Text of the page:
People often assume that I chose to play the melodeon because there is something specifically special about the instrument that attracted me. That is, something about its sound or aesthetics.
The answer is, no. I started playing the melodeon through a set of chance happenings. I decided to join a morris side (a Border Morris team that was just starting up), and that included some melodeon players.
I already played the tin whistle, but for a while had wanted to learn to play another instrument. I had toyed with the mandolin and fiddle, but it was my weekly contact with melodeon players at morris practices that gave me the push towards the melodeon.
I had been given a piano accordion (it was a pretty good instrument in very good condition) and was tempted, but Hugh Rippon (one of our musicians) dumped a melodeon in my lap and said, you should play one of these, it goes in and out and you get a tune.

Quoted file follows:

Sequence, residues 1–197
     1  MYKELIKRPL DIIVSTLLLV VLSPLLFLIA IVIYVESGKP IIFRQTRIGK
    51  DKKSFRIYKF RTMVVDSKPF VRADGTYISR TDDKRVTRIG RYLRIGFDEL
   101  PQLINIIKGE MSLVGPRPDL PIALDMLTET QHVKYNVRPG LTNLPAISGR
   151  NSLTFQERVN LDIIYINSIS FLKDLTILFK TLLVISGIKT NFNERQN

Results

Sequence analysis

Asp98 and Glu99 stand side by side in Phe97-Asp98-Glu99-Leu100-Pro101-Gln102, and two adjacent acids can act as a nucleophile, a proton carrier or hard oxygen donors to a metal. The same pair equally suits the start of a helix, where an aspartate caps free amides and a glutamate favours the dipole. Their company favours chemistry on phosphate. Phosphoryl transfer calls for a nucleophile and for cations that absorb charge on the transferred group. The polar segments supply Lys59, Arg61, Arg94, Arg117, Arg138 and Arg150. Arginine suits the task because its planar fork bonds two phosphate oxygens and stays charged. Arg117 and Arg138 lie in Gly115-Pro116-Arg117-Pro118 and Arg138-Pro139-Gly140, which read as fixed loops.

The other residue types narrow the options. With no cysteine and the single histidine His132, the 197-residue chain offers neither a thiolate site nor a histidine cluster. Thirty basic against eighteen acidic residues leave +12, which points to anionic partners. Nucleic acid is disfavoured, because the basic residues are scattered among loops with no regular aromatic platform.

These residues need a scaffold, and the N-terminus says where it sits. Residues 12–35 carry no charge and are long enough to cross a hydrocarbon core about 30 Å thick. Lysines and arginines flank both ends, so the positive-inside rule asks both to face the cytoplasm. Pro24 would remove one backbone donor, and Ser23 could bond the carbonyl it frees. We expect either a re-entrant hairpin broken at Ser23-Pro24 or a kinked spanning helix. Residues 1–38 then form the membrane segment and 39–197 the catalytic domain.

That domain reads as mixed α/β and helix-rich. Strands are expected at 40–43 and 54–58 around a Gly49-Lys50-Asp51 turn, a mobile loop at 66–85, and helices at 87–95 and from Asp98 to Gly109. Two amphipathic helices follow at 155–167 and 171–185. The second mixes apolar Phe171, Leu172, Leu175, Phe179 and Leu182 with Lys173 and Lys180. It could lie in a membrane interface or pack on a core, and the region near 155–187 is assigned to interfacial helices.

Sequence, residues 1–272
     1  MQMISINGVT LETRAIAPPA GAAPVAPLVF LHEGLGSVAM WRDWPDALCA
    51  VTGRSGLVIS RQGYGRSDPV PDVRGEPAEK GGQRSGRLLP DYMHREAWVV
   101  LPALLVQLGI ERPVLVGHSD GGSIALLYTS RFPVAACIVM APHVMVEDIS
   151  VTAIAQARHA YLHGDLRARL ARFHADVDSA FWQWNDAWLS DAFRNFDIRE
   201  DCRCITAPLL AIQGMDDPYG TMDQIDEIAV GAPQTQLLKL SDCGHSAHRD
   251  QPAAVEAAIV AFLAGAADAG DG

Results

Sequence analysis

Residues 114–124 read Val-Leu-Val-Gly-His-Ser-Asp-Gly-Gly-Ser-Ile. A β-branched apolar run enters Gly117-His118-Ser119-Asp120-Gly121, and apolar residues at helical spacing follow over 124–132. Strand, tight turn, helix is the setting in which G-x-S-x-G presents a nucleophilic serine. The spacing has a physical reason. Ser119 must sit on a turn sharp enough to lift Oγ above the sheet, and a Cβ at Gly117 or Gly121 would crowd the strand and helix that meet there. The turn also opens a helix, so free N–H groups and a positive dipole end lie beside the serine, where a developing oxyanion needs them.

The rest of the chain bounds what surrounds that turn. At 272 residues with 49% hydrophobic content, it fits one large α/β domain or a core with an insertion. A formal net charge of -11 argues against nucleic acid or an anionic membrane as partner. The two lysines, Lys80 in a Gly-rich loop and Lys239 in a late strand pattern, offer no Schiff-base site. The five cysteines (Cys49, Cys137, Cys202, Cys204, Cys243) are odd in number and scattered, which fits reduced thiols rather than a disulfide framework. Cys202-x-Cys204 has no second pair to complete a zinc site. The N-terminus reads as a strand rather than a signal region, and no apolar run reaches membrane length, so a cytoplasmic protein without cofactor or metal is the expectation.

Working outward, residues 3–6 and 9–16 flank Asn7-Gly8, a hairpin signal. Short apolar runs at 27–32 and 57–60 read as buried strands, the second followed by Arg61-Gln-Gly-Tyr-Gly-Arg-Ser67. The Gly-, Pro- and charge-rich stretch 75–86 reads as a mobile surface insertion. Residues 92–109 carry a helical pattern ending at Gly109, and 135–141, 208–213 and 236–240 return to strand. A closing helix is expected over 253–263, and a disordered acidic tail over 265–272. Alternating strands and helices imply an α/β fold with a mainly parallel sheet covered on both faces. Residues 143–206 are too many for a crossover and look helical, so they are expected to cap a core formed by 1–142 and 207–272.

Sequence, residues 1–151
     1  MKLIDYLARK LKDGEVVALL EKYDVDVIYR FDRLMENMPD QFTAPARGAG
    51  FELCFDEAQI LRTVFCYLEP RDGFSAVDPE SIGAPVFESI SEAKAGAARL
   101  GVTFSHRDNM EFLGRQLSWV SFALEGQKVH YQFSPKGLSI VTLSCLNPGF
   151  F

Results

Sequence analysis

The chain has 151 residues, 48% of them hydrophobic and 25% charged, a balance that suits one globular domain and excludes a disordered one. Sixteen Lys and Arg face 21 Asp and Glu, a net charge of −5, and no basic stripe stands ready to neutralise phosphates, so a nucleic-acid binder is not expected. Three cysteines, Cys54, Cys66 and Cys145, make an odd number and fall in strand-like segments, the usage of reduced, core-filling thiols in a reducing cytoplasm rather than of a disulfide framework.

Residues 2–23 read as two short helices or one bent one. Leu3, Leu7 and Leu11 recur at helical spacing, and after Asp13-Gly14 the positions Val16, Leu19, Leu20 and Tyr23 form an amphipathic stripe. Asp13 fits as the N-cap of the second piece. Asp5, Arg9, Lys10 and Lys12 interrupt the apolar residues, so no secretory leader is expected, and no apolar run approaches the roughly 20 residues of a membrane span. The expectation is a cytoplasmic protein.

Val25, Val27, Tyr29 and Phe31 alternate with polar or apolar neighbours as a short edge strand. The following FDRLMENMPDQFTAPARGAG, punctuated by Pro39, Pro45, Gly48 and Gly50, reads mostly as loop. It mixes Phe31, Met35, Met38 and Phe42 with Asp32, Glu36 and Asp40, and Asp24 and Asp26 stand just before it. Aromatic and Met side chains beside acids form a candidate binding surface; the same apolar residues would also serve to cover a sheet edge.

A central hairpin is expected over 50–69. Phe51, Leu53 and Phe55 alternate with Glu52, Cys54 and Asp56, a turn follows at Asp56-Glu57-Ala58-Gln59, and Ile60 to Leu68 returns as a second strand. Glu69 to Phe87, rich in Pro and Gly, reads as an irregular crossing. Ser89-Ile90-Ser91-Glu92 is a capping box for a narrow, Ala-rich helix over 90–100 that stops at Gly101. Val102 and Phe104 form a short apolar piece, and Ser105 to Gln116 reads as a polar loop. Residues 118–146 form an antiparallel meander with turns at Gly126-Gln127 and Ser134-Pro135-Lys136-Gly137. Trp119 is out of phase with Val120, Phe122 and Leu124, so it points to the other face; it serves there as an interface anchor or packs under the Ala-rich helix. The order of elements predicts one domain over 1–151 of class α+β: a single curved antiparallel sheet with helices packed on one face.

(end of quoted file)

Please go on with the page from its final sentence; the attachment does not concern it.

After that it was a matter of buying one, which I did at the Kirtlington Lamb Ale, using a rebate from overcharging on my gas bill!
The melodeon has always and simply been a means to an end. That is, playing folk music.
Having said that. I wouldn’t have continued to play the melodeon if it had not been an excellent way to play folk dance music.
John Kirkpatrick has commented that the English dance music of the 17th and 18th century seems to have almost been written for the D/G melodeon, at a time when it had not been invented.
So, the melodeon is a good instrument for playing the rhythmic, mostly diatonic, folk music of Britain and Ireland, but it is the music and dance that attracted me, not a specific instrument.